Jake Paul Addresses Brother Logan Paul’s Suicide Forest Video: ‘He Did Not Mean to Offend Anyone’

Jake Paul has finally spoken out about the controversial video that his brother, Logan Paul, made in Japan’s so-called “suicide forest” last month.

Jake, 21, uploaded a 13-minute vlog titled “YouTube, Let’s Talk About Brother Logan Paul” on Monday, January 22. However, the majority of the video shows Jake and his friends laughing and pranking one another. It is not until the 11-minute mark that he sits down on a couch and addresses the issue.

“I wanted to let the situation have some time to breathe,” Jake told his 13.3 million subscribers. “I know Logan was going through a lot and everyone was talking about it. It didn’t feel right to comment on it right away. But as his brother and as someone who knows Logan the best, I do feel its necessary to say something about it.”

Logan Paul and Jake Paul attend Jordyn Jones Sweet 16th birthday party at OHM Nightclub on March 13, 2016 in Hollywood, California.
Logan Paul and Jake Paul attend Jordyn Jones Sweet 16th birthday party at OHM Nightclub on March 13, 2016 in Hollywood, California. Tasia Wells/Getty Images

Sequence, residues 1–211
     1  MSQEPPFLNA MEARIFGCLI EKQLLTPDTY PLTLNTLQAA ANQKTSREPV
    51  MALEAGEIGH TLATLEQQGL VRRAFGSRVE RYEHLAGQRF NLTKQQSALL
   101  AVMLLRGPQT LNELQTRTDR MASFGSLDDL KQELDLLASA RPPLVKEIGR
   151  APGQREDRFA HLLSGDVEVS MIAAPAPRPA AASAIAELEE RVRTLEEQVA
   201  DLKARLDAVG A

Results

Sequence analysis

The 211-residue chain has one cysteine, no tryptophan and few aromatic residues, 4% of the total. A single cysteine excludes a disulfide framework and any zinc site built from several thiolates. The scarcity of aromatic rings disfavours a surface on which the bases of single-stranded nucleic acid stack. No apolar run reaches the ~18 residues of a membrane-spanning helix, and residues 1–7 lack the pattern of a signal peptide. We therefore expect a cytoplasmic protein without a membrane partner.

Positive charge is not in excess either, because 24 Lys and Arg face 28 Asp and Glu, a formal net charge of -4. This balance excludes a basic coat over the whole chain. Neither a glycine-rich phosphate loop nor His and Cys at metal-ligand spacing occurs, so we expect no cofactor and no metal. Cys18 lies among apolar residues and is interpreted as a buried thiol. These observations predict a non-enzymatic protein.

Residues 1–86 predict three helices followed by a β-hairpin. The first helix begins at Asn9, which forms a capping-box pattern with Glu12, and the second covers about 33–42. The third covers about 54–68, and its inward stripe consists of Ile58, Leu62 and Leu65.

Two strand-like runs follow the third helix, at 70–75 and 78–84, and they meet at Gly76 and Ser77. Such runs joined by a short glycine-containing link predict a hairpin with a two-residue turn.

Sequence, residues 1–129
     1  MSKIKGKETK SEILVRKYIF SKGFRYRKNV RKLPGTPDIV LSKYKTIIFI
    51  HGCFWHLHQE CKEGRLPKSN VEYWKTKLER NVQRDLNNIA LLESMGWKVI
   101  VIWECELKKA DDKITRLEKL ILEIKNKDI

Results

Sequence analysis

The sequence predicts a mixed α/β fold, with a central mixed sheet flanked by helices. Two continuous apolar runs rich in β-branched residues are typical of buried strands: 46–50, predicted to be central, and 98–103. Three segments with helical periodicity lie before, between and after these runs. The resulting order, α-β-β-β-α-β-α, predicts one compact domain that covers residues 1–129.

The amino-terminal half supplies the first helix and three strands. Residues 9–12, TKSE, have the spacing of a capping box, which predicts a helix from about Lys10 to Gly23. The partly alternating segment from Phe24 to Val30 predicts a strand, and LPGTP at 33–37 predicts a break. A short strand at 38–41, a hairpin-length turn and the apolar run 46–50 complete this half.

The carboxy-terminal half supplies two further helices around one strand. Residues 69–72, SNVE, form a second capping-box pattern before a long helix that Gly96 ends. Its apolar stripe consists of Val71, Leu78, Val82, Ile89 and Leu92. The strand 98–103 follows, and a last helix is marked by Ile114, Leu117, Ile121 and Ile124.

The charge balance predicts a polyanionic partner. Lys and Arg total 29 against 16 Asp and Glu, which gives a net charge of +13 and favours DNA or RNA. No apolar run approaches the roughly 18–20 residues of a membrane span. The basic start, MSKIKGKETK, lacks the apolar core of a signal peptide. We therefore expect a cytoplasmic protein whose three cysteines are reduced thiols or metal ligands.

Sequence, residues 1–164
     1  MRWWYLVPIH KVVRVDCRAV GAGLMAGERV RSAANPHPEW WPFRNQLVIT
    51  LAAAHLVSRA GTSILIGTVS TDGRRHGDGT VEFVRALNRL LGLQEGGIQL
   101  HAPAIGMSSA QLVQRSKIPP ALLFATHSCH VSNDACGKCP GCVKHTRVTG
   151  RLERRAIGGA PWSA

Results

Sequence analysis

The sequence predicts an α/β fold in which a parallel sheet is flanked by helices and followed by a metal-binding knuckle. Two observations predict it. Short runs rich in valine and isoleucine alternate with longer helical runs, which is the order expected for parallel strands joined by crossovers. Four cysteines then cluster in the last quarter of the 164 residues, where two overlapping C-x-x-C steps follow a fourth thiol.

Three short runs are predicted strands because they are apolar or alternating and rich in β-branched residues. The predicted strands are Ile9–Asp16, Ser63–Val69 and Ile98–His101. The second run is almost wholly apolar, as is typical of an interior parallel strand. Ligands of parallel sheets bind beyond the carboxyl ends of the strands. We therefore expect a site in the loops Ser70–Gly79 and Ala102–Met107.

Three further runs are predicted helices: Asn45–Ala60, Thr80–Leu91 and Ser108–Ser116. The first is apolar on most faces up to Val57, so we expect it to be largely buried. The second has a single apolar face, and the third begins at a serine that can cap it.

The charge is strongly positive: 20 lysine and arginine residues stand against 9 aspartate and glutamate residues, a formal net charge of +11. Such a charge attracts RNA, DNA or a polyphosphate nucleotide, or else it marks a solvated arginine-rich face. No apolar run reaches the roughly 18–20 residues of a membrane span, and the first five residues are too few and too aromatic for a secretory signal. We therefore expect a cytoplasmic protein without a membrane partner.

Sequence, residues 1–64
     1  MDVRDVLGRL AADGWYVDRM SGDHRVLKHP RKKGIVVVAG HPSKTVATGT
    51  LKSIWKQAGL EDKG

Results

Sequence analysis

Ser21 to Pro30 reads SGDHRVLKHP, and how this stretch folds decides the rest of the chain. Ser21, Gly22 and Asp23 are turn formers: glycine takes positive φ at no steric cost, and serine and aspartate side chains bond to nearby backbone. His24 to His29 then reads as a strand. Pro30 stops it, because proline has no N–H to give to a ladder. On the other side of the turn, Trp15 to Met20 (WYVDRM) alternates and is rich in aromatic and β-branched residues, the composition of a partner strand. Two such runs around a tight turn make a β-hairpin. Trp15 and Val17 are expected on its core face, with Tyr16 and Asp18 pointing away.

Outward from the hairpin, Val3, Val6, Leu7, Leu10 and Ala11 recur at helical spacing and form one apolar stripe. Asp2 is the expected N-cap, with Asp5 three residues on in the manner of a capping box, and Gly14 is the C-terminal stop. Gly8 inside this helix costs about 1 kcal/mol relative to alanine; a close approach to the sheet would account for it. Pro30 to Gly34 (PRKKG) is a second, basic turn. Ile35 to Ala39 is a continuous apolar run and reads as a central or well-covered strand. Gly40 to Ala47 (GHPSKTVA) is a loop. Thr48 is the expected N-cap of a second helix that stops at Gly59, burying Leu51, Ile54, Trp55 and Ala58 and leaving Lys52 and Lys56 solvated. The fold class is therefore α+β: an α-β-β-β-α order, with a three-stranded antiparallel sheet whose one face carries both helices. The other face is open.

He continued, “I think what Logan did was very, very, very, very wrong, and he made a huge mistake. And not only is he paying for it, but he is learning from it. I think that in no way, shape, or form is suicide a joke or should be made fun of in any, shape, or form. …  I don’t think it’s right what he did at all.”

Jake went on to defend his 22-year-old brother, saying, “He did not mean to offend anyone. … He didn’t handle the situation the right way but I know, in the back of his head, he didn’t mean to offend or hurt anybody or create such a big frustration. And he is honestly, truly, truly sorry.”

Logan came under fire after he uploaded a video on December 31 of himself and a group of friends discovering the corpse of a man who appeared to have hung himself from a tree in Aokigahara forest. He deleted the vlog shortly after facing backlash and apologized on both Twitter and YouTube. “I have made a severe and continuous lapse in my judgment and I don’t expect to be forgiven,” he said in a January 2 video.

In response to the controversy, YouTube removed Logan from its Google Preferred premium advertising service on January 10 and halted production on his upcoming projects.

If you or someone you know is contemplating suicide, call the National Suicide Prevention Lifeline at 1-800-273-8255.

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